Bijl was born in 1946 to a working class family in Antwerp. The artist's father worked at the local docks and his mother worked for the Bell Telephone Company. A self-taught artist, Bijl came to art as an outsider initially making paintings during the 1960s. During this time, he mimicked numerous artistic movements such as Impressionism, Expressionism, Surrealism, abstract movements and more. During a period of self-guided studies in economics, Bijl worked at a bank in Brussels. Shortly thereafter his parents sent him to a local vocational trade school in the hopes of gaining professional skills. For nearly a decade, Bijl worked part-time in the art section of a bookstore in Antwerp. In the late 1960s, he studied theater and film at the Royal Institute for Theatre, Cinema, and Sound in Brussels before dropping out after only a year. Bijl only then devoted himself to art making full-time in his mid-30s.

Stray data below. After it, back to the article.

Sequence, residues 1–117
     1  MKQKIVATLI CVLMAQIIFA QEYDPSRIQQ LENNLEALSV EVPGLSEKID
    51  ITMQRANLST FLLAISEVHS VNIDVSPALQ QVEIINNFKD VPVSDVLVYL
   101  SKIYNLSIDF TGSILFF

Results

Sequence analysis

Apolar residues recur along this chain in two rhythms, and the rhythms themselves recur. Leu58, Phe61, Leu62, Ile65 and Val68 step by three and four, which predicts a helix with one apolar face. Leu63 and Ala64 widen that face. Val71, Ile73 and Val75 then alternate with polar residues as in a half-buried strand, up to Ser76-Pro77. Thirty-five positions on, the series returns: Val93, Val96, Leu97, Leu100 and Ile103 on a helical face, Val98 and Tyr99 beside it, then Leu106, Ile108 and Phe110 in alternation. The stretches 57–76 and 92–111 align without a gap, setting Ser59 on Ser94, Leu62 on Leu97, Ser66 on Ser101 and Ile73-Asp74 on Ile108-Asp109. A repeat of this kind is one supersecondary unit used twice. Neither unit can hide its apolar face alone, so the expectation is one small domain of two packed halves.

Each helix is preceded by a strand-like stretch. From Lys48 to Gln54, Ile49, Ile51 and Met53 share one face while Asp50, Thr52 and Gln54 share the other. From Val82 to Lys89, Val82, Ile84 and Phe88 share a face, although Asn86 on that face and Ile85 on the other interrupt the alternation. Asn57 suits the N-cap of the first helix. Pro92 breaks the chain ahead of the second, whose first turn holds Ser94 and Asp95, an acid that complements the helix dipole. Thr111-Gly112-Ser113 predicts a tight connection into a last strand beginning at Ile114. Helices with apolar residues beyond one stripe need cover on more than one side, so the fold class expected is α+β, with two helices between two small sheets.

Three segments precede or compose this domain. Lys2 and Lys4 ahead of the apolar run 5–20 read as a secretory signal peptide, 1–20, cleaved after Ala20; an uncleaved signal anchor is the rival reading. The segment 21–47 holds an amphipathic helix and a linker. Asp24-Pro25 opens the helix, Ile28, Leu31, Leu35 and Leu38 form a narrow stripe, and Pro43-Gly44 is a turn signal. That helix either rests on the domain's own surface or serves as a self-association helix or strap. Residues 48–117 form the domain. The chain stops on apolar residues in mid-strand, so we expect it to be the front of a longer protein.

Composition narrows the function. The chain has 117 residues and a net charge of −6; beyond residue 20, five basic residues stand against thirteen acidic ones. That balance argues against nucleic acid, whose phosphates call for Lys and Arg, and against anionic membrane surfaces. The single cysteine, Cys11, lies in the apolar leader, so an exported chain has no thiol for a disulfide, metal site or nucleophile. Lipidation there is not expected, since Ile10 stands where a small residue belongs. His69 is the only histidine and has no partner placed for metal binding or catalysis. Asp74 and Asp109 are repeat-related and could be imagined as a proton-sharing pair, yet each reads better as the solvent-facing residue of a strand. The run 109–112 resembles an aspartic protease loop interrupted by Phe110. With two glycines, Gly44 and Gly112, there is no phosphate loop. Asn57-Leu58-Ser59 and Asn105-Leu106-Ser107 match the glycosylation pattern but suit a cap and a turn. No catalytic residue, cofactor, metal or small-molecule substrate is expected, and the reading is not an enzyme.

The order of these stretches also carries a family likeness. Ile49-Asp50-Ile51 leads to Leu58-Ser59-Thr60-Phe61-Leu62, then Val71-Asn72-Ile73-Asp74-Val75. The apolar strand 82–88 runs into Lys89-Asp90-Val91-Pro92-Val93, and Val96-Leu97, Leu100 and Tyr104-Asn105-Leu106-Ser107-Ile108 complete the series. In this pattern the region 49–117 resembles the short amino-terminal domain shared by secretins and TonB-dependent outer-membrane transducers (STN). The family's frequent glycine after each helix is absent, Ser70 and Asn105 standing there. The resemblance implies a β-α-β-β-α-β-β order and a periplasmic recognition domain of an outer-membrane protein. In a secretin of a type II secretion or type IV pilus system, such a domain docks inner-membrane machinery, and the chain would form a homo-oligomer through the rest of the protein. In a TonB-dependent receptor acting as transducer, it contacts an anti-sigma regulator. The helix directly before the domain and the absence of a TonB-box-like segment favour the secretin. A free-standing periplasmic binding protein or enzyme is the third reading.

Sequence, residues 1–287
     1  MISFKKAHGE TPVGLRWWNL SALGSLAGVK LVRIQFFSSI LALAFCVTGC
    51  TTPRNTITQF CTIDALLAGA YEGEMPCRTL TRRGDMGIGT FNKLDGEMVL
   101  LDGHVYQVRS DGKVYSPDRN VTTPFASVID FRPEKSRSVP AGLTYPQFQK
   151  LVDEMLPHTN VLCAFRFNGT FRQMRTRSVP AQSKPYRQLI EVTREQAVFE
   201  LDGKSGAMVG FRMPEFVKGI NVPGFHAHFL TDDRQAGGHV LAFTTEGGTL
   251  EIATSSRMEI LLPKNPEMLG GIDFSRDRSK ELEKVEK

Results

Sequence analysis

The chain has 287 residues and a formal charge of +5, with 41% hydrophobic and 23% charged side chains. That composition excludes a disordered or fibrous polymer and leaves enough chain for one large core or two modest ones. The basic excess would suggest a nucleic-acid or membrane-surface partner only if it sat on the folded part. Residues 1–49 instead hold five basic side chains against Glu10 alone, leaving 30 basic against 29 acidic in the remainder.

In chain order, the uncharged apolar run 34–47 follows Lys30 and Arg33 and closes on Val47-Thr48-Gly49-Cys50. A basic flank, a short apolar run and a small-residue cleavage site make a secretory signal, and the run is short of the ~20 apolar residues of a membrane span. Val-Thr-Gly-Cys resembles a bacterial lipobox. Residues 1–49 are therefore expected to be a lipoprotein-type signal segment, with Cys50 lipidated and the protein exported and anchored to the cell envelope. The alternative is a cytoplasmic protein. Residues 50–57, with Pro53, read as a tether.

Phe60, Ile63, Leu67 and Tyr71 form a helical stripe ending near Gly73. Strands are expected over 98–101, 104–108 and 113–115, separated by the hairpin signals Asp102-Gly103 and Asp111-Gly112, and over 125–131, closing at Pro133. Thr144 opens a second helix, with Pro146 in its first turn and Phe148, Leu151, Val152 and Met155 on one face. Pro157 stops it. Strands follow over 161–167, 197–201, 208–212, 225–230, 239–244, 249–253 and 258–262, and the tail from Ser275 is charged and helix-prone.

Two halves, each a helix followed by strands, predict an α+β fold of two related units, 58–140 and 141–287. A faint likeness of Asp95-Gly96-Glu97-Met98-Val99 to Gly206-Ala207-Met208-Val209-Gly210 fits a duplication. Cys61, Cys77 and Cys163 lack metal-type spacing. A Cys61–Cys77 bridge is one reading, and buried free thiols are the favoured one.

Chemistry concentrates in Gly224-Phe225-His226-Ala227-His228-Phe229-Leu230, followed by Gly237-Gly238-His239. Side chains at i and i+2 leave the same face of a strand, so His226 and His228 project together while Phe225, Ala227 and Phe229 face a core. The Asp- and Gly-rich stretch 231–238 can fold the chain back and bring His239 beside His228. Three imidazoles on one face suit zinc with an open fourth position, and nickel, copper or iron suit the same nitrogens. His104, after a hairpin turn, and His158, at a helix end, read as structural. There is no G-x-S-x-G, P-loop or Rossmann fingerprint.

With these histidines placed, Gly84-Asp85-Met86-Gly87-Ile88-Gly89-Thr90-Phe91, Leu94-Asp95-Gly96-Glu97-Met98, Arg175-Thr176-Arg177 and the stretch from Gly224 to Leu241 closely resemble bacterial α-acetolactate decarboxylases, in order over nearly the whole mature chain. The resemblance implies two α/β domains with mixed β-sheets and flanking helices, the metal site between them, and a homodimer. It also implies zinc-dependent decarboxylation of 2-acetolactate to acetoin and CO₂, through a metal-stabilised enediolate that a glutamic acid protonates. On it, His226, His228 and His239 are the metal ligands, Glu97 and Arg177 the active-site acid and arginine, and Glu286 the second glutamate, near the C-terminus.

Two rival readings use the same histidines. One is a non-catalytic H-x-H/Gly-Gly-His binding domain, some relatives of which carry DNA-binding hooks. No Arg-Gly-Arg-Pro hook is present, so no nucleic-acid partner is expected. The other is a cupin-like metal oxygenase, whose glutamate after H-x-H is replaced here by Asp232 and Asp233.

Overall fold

Bijl's early work, a series of projects on paper, combined his myriad background experiences and aimed to engage a wider audience citing a need to be nearer to the public. The series, Project-notities [Project Notes] (1969-1975), includes drawings and written proposals for museum installations, theatrical pieces, performance projects, and experiments in 16mm film. In the late 1970s Bijl began creating Transformation Installations, meticulous imitations of everyday realities inside the walls of galleries and museums. Bijl's first installation was a driving school, set in a gallery in Antwerp in 1979, accompanied by a manifesto calling for the abolition of art centres, and replacing them with 'socially useful institutions'. This installation was followed in the eighties by a billiards room, a casino, a laundromat, a centre for professional training, a psychiatric hospital, a fallout shelter, a show of fictitious American artists, a conference for a new political party and a rural Belgian model house. He divides his work into four categories: 'Transformation Installations', 'Situation Installations', 'Compositions Trouvées' and 'Sorrys'.